Lastly, you referred to binders maintained by the Unemployment Insurance Appeals Board that include three hundred cases which are apparently filed chronologically, and that you reviewed those cases to determine whether which among them involved a matter of interest. Following that case by case review, you suggested that “there has to be a way to search each case for a certain keyword” and that the public should have the ability to locate determinations in that manner.
In my opinion, if indeed the Board has the ability through the use of its computers to locate or identify determinations involving a particular issue or subject, the public should be able to request and obtain those records using the same search or retrieval mechanism.
By way of historical background, when the Freedom of Information Law was initially enacted in 1974, it required that an applicant request "identifiable" records. Therefore, if an applicant could not name the record sought or "identify" it with particularity, that person could not meet the standard of requesting identifiable records. In an effort to enhance its purposes, when the Freedom of Information Law was revised, the standard for requesting records was altered. Since 1978, §89(3) has stated that an applicant must merely "reasonably describe" the records sought. I point out that it has been held by the Court of Appeals that to deny a request on the ground that it fails to reasonably describe the records, an agency must establish that "the descriptions were insufficient for purposes of locating and identifying the documents sought" [Konigsberg v. Coughlin, 68 NY 2d 245, 249 (1986)].
In my view, whether a request reasonably describes the records sought, may be dependent upon the terms of a request, as well as the nature of an agency's filing or record-keeping system. When an agency can locate records with reasonable effort, I believe that a request meets the requirement of reasonably describing the records.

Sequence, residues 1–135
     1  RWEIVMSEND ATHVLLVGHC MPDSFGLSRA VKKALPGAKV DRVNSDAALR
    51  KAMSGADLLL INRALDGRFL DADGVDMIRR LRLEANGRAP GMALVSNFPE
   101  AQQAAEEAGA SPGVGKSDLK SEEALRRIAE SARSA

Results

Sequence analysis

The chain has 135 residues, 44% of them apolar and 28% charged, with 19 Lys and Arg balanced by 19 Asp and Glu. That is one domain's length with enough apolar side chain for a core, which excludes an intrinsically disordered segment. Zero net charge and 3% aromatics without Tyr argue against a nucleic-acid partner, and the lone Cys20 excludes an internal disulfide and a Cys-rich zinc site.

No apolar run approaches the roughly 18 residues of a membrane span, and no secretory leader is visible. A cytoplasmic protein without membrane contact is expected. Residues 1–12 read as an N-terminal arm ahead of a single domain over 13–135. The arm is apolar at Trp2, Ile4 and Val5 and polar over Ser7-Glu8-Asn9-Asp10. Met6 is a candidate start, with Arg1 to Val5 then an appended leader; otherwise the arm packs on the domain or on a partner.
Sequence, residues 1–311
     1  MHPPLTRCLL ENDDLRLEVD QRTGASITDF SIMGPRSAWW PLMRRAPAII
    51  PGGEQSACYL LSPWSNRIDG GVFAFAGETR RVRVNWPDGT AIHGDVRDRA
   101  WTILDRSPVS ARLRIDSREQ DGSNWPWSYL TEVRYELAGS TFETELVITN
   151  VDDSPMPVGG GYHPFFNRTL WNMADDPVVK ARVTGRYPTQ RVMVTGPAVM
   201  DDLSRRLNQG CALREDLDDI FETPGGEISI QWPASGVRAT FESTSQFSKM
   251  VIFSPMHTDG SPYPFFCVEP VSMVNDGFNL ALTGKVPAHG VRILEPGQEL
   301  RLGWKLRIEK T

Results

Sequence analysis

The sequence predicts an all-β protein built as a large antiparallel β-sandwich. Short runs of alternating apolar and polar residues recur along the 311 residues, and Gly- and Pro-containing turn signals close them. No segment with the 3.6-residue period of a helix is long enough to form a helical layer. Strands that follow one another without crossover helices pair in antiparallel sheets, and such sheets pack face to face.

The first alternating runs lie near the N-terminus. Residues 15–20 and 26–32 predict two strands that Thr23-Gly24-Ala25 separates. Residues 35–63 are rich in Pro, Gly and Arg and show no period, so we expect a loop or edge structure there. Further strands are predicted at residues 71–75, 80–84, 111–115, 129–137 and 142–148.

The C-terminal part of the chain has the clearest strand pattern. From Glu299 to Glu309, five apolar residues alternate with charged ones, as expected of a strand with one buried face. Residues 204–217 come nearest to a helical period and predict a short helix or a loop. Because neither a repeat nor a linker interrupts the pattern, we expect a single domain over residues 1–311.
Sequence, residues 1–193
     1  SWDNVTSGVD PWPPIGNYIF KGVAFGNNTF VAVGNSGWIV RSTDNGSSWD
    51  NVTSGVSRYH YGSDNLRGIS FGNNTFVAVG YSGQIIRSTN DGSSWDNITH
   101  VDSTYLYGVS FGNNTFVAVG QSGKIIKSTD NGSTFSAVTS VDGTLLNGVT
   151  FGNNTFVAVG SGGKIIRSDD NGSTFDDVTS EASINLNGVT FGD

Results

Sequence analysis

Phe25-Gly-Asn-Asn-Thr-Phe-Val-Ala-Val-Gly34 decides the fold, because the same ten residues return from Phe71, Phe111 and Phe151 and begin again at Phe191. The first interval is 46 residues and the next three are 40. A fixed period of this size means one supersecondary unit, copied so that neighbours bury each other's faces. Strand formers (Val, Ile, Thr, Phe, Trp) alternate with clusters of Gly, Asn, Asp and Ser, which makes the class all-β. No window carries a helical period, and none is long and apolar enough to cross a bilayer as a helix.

Further, the regulations promulgated by the Committee on Open Government, which have the force and effect of law, require that agency staff provide the public with guidance that will enable those seeking records to submit a proper request. The regulations in 21 NYCRR §1401.2(a) require that an agency’s records access officer has “the duty of coordinating agency response to public requests for access to records,” and §1401.2(b)(2) states that the records access officer is responsible for assuring that agency personnel:
“Assist persons seeking records to identify the records sought, if necessary, and when appropriate, indicate the manner in which records are filed, retrieved or generated to assist persons in reasonably describing records.”
Based on the foregoing, if your assumption that Board staff has the ability to locate cases based on use of a key word or similar mechanism, I believe that it must inform you of its manner in which cases can be located in order to enable you do so.
I hope that I have been of assistance.
Robert J. Freeman
cc: Unemployment Insurance Appeals Board